Matti Geschonnek’s Boxhagener Platz (2010) is also set in 1968, but in East Berlin. The film uses political events a backdrop for the caricature of representatives of the system, which never seems evil or dangerous, and is not the driving force of events. Grandma Otti, superbly portrayed by Gudrun Ritter, has outlived five husbands when she falls in love with the former Spartakus fighter (and now “Stern” reader) Karl. Her grandson Holger watches the events surrounding his grandma, almost as a passive observer with a naïve distance that allows the director, through point-of-view camera work, to expose the system to laughter. Thus, Holger’s classmate — constantly beaten by his alcoholic father — throws some paper slips with propaganda slogans onto the street — and duly gets his father arrested so the family can live in peace. In another scene, Geschonnek touches upon the issue of homosexuality in the GDR through the figure of Otti’s son, who finds a partner in West Berlin; both are completely overlooked when the police come to perform an arrest in Otti’s home. Or take the theme of emigration, when Otti’s daughter expresses a desire to leave the country largely for personal rather than political reasons: she is unhappily married to an ambitious and overzealous policeman. The GDR of 1968 is a Kafkaesque place, where husbands die conveniently when women fall in love with somebody else; where political repression helps to get rid of violent husbands and fathers; where social and personal problems are solved, as it were, by “state agents”.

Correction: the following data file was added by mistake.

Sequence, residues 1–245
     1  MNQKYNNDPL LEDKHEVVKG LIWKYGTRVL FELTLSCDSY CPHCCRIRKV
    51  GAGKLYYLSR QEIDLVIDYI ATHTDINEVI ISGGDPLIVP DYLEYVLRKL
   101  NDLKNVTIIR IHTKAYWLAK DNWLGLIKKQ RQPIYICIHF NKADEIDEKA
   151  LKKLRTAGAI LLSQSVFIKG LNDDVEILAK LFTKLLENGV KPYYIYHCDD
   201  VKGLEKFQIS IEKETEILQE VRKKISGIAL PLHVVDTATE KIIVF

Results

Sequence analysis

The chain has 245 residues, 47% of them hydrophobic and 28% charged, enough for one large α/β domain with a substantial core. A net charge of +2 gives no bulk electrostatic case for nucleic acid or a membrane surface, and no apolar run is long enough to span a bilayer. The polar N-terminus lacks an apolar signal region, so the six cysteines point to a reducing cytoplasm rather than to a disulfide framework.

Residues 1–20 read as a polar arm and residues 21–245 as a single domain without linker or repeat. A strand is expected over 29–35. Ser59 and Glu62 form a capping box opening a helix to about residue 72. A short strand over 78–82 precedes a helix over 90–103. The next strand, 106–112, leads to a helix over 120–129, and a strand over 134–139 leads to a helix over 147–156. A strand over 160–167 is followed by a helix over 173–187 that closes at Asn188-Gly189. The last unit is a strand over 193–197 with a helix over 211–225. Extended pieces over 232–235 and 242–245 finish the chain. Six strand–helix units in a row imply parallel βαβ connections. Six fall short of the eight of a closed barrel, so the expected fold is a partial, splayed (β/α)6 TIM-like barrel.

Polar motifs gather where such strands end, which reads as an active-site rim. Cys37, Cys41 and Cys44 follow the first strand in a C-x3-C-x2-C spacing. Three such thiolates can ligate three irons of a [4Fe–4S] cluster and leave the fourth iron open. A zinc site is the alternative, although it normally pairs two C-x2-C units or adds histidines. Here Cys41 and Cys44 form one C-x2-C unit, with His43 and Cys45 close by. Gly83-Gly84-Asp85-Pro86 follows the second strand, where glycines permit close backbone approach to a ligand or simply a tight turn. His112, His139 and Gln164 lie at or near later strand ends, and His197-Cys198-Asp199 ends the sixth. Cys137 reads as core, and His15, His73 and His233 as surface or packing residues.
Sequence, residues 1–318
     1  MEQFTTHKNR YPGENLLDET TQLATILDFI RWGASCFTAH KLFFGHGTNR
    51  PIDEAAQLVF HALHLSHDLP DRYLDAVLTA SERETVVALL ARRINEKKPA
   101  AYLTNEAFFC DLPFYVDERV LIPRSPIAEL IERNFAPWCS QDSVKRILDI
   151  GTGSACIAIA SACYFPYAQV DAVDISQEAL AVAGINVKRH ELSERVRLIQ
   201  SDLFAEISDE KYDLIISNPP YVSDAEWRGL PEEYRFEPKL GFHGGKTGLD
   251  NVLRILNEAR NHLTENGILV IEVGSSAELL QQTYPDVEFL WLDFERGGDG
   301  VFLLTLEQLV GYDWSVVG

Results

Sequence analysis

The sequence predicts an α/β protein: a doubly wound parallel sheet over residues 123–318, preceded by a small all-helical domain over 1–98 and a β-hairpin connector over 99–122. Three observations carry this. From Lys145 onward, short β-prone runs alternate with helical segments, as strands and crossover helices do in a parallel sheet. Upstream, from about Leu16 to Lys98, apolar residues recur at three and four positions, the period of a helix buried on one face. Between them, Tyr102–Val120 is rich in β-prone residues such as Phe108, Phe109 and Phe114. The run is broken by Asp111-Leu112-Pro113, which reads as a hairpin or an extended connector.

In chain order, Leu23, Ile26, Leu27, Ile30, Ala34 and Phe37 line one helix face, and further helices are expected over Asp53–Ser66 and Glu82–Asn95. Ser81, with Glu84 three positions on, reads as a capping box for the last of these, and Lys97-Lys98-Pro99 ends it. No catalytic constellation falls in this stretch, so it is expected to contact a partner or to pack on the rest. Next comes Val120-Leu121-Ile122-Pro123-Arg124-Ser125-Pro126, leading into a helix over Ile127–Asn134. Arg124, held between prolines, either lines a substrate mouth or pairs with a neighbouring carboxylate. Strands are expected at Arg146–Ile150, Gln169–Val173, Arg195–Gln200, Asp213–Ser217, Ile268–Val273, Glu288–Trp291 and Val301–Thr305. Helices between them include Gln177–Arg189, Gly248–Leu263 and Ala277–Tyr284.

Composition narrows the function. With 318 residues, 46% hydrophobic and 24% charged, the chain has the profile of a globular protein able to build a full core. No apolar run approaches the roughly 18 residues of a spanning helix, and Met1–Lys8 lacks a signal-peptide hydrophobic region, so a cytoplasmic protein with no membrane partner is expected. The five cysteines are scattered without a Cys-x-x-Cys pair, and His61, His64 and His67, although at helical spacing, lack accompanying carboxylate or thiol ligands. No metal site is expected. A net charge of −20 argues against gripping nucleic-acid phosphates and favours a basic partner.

Márta Mészáros contributed her film The Last Report on Anna (Utolsó jelentes Annáról, 2009), which is set in Hungary and Belgium the 1970s, thus after the events of 1968; however, the plot is linked to the Hungarian equivalent of the Prague Spring: the crushed reforms of Imre Nagy and his government in 1956. The literature scholar Peter Faragó (Ernõ Fekete), an expert on French mediaeval texts, is recruited by the secret service to spy on Anna Kéthly, formerly a minister in the Nagy government who now lives in Belgium and who — once upon a time — had a passionate affair with Peter’s uncle Laci. Peter narrates his story in a café, a scene which frames the film. Within the recollections of his trip to Brussels, he also conjures up images of Anna during the Nagy government; these flashbacks are motivated in the first instance by reports he reads in the state archives, and later by Anna’s words. Thus the film uses the classical and traditional form of flashbacks to provide character history, but in all this, Peter lacks the emotional and psychological depth and cannot grasp Anna’s refusal to return to Kádár’s Hungary. The film highlights both the effects of the deposition of Nagy on Anna’s personal life and political career, and also the destructive effect of reports —and by extension of the role documents that allow insights into and control over personal lives. Peter clearly cannot handle the information — and remains loyal to the regime.